I have had several gobsmacking breastfeeding enquiries from mothers over the past week. Gobsmacking because they have been so poorly advised by health professionals, people who really should know better. This post will deal with the most notable for the week and I’ll look at others in a Breastfeeding Myth Busting series.
The consultation with this Mamma went a little like this: “Can you tell me how to wean my 4 month old baby?” I kind of got the feeling that she didn’t really want to talk about it, just wanted the info. I got half way through the sentence “It depends on the reason you need to wean” and was cut off by her hurriedly asking “Should I go cold turkey or do it slowly”? I answer the question telling her that it needs to be done as slowly as possible since sudden weaning will cause blocked ducts and mastitis. She then tells me that is the very reason she needs to wean. She became teary and said that she keeps getting mastitis and has made the decision to wean so that she is doing her best for her baby. She feels she can’t look after him properly if she is sick.
I ask how many times she has had mastitis and she tells me twice in the last month. She then said it was her Doctor who told her that weaning is the best way to prevent her from getting mastitis again. Hmmm…… I get the feeling this Doctor does not know much about breastfeeding management.
Me: “Do you remember how long you had the antibiotics for when you got mastitis the first time”?
Her: “Not long, I think it was 5 days”.
Me: “Do you know what antibiotic you were given?”
Her: ”I’m not sure, he said it was a low dose of penicillin, he said we should try that first and if it doesn’t work to try something stronger”.
I suggested as delicately as possible that she find a Doctor who has some training in breastfeeding management. She tells me she has been seeing this Doctor for a long time and trusts him.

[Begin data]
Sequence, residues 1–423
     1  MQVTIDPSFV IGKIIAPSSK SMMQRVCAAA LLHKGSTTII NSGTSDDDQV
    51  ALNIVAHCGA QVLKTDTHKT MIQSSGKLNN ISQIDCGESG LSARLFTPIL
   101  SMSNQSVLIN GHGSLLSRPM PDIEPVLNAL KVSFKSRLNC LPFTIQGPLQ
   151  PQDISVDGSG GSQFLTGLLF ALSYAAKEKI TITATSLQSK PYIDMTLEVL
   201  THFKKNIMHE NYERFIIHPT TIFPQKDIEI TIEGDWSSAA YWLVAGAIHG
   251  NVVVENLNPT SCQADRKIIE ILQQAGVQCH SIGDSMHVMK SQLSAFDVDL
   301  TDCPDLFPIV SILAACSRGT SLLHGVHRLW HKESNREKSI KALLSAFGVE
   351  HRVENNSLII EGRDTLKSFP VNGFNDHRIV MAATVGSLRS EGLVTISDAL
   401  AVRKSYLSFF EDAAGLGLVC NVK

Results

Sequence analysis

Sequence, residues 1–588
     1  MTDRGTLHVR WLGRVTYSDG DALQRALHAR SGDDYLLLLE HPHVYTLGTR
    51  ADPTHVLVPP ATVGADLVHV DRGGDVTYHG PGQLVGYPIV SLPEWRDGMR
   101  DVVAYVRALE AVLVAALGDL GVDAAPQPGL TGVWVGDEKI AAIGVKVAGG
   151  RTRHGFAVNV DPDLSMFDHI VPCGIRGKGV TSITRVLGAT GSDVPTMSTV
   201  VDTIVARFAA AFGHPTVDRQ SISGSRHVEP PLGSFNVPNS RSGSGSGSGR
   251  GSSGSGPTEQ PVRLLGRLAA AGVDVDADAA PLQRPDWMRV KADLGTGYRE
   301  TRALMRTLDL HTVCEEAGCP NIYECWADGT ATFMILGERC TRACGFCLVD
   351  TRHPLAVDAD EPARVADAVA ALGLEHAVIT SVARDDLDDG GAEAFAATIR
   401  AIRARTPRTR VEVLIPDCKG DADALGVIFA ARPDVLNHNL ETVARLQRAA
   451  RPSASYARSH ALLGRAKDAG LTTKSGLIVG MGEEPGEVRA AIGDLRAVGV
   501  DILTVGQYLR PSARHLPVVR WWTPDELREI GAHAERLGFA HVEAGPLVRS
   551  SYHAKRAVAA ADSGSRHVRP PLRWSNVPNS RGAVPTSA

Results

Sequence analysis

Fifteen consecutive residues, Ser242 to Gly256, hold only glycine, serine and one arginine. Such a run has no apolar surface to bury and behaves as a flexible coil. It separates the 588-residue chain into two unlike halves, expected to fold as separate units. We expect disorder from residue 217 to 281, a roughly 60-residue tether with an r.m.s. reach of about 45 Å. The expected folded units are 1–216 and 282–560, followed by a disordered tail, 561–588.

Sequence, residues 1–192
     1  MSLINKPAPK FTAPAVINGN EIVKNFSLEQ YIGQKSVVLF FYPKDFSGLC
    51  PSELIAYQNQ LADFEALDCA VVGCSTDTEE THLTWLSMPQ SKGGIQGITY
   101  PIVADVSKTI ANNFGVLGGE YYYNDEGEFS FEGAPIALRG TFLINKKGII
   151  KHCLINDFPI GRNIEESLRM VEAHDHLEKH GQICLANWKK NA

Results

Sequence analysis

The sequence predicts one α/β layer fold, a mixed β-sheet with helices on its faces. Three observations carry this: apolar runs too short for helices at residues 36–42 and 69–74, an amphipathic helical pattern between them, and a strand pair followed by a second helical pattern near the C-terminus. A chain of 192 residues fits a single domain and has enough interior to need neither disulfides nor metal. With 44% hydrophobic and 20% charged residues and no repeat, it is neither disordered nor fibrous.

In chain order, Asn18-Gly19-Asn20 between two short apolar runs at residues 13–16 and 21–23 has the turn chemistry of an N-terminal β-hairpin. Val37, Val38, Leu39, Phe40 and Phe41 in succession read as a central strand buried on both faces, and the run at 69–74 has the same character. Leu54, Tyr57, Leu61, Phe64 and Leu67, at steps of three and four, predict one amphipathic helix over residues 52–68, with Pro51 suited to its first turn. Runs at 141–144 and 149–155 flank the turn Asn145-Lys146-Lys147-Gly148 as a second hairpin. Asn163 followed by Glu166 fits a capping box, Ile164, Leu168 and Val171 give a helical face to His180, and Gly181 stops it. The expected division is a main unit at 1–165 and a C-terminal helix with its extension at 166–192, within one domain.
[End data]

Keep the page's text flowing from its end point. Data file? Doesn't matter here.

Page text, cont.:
Internal sigh… I really like to work in harmony with medical professionals and hate to be seen as a kooky natural therapist rebelling against modern medicine but… sigh. Even as a naturopath I recognise that if the infection is so severe that Mum has fevers and is vomiting as this Mamma was, she will probably need antibiotic treatment. You’ve got to get rid of the infection as quickly as possible and deal with it thoroughly. There are certainly natural therapies that we can use to treat mastitis, but once I see a vomiting, feverish mother, I would never wait to see if the infection will respond to herbs, nutritional therapies or homeopathics. I would say go ahead and use the antibiotics, we can use natural therapies to minimise any potential problems this may cause and prevent this from happening again. The time for a gentle approach is before the Mamma is so sick she can’t move.
I have two major problems with the way this Mamma was treated by this Doctor.
- If you’re going to give antibiotics, they have to be given for an appropriate amount of time, at an appropriate dose and be appropriate for the type of bacteria causing the infection. If any part of this prescription is wrong, you are better off never having taken it in the first place. If an antibiotic is given at too low a dose or not long enough, the infection will come back, only this time it has developed resistance to the original antibiotic and we are on the way to breeding a super bug in Mum’s breasts. This is likely to result in an abscess requiring surgery and of course, more antibiotics.